Sacramento correspondent Brian Joseph had an interesting post on the Register's OC Watchdog blog last week about the explosive growth of the San Clemente-based Surfrider Foundation. Confirming with a group that follows the membership and money generated by nonprofits, Joseph reported that Surfrider has quadrupled in size since they started the battle against extension of the 241 Foothill-South toll road.
In 1997, before the toll-road controversy, Surfrider reported revenues of about $1 million. In 2007, the most recently available year on the nonprofit disclosure site Guidestar, Surfrider reported $4 million in revenues. During that time, staff salaries have increased by more than 500 percent, expenses by nearly 400 percent and public donations have jumped from $337,000 in '97 to $3 million a decade later, Joseph reports.
Surfrider, which was founded in 1984 to advocate for clean beaches in Malibu, today boasts more than 60 chapters worldwide with more than 50,000 members total. Joseph reports that the executive director earned $170,000 in 2007, when $400,000 was spent on fund-raising consultants. Given the success in mortally wounding the toll road and ocean education and awareness programs for all, particularly children, that seems like money well spent.
But there have been controversies along the way.
Some accuse Surfrider of routinely overstating health threats posed to swimmers and surfers.
Surfer magazine chided a Surfrider press release that called Trestles one of the 10 best surfing spots in the world.
Founder and ultimate soul surfer Glen Hening has warned that as Surfrider has become more mainstream, it has pulled away from its original purpose. "The idea was to really say something serious about the values of serious surfing as it benefits our society," he told blogger Jim Benning in 2006.
Hening, who wanted to introduce surfing to inner-city children, says the group became less concerned with riding waves. He was particularly annoyed at Surfrider's board for removing a line in the group's mission statement calling for the "enhancement" of surfing spots, which could mean using sand bags to create new wave breaks.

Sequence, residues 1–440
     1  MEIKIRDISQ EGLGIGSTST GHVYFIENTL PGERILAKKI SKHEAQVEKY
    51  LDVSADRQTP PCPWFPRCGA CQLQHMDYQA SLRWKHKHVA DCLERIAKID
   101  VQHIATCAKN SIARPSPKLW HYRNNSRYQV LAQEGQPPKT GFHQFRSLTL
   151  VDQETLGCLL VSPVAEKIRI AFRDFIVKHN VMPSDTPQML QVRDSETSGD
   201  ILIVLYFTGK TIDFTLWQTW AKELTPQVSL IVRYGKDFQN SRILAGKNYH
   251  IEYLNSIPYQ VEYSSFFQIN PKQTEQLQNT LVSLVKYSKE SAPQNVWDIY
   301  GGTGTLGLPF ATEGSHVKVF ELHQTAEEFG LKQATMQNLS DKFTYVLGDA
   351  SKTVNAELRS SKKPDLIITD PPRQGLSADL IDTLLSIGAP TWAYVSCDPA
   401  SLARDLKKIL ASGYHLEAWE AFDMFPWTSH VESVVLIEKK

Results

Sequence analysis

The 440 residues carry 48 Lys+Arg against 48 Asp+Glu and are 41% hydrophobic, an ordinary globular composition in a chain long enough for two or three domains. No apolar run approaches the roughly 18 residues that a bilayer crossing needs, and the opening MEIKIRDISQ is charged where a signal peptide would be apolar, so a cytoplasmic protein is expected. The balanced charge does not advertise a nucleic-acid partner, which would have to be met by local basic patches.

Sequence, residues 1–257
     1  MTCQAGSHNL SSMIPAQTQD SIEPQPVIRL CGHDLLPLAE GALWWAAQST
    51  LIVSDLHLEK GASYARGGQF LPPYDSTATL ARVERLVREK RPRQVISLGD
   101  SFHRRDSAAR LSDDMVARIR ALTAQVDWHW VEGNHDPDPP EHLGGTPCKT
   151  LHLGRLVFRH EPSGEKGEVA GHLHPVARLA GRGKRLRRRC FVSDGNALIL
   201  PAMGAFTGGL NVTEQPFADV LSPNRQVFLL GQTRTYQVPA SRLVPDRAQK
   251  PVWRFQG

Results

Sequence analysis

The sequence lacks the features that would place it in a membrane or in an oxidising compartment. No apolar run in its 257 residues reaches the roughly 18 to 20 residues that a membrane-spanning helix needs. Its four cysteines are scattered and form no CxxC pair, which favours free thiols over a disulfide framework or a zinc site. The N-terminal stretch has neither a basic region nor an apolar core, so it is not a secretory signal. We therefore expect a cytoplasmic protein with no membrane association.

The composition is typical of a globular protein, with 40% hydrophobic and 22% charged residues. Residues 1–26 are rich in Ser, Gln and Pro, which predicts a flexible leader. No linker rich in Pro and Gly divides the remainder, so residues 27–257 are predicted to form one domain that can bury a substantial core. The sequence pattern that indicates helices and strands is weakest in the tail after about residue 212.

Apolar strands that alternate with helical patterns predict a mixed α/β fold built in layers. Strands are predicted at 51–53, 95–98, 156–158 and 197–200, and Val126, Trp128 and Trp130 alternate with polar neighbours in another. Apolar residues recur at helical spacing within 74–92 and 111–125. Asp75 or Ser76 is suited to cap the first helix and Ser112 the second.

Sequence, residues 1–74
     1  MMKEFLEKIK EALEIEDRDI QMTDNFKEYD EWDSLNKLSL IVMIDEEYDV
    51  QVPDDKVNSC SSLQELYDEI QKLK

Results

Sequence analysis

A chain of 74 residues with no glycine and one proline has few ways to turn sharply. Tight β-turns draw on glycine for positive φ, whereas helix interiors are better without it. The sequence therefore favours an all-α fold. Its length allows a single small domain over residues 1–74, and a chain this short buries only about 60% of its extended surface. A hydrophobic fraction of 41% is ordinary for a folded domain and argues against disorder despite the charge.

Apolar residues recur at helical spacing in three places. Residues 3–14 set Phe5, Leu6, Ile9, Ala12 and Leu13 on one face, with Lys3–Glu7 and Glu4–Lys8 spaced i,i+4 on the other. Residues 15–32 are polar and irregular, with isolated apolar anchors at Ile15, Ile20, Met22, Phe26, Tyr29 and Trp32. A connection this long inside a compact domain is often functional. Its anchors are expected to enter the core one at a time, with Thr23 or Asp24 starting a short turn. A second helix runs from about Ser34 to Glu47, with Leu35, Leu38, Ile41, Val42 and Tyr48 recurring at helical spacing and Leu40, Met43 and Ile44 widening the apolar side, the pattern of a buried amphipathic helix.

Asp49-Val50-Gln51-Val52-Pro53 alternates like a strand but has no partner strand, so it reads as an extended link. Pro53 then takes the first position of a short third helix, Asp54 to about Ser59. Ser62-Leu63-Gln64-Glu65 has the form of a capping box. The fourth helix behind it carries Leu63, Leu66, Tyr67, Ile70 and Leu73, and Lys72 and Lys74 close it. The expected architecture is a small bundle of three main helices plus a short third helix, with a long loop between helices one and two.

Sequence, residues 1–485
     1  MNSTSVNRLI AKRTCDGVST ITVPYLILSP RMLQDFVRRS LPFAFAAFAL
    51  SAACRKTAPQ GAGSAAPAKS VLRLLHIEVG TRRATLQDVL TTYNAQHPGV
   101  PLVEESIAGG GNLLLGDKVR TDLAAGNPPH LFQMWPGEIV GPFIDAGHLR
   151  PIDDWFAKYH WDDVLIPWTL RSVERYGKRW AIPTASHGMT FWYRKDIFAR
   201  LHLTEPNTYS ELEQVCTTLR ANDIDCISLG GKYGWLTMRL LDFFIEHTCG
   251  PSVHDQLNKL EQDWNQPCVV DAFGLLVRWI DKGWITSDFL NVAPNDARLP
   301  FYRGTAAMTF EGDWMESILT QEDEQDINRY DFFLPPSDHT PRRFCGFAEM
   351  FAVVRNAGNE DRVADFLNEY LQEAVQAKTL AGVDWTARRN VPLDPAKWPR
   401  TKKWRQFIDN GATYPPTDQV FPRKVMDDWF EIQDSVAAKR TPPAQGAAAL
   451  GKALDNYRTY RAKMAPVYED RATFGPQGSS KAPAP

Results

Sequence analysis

There has been criticism at the local chapter level as well.
South Orange County Surfrider just yanked the funding of Laguna Beach High School's award-winning ocean water testing program, which for eight years collected ocean water and tested for bacteria weekly, even winning an award from the federal EPA in 2006. According to an April 2 Coastline Pilot story, the chapter decided against spending $25,000 to fund the water testing programs at several local schools, including Laguna Beach.
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Surfrider and Laguna Beach have a history as rocky as the village's picturesque shoreline. Officials at the San Clemente-based headquarters in 2002 openly chastised the Laguna Beach chapter's co-founders Briggs "Corky" Smith and Tex Haines of Victoria Skimboards fame before dissolving their chapter and recognizing a new one soon after.
When the Long Beach-Huntington Beach Surfrider Chapter split in two in the 1990s, members announced publicly each area needed its own chapter to tackle its unique pollutions and erosion problems. However, other members secretly confided the split was due to the strong push by Long Beach members to remove their harbor entrance's breakwaters. If that happens, Huntington Beach dissenters feared, trash and pollution contained in Long Beach waters would wash up in Surf City.
Despite the waves that have been churned up along the way, there is no denying Surfrider has been a positive force in strongly advocating on behalf of clean water and beaches. Its Blue Water Task Force has undertaken water-quality testing and storm-drain stenciling to warn people against dumping pollutants, and the foundation frequently undertakes major projects our government should be performing, such as documenting physical characteristics of beaches around the country to help gauge changes along coastlines.
Who knows? Given its healthy coffers, maybe Surfrider can bail out our government some day.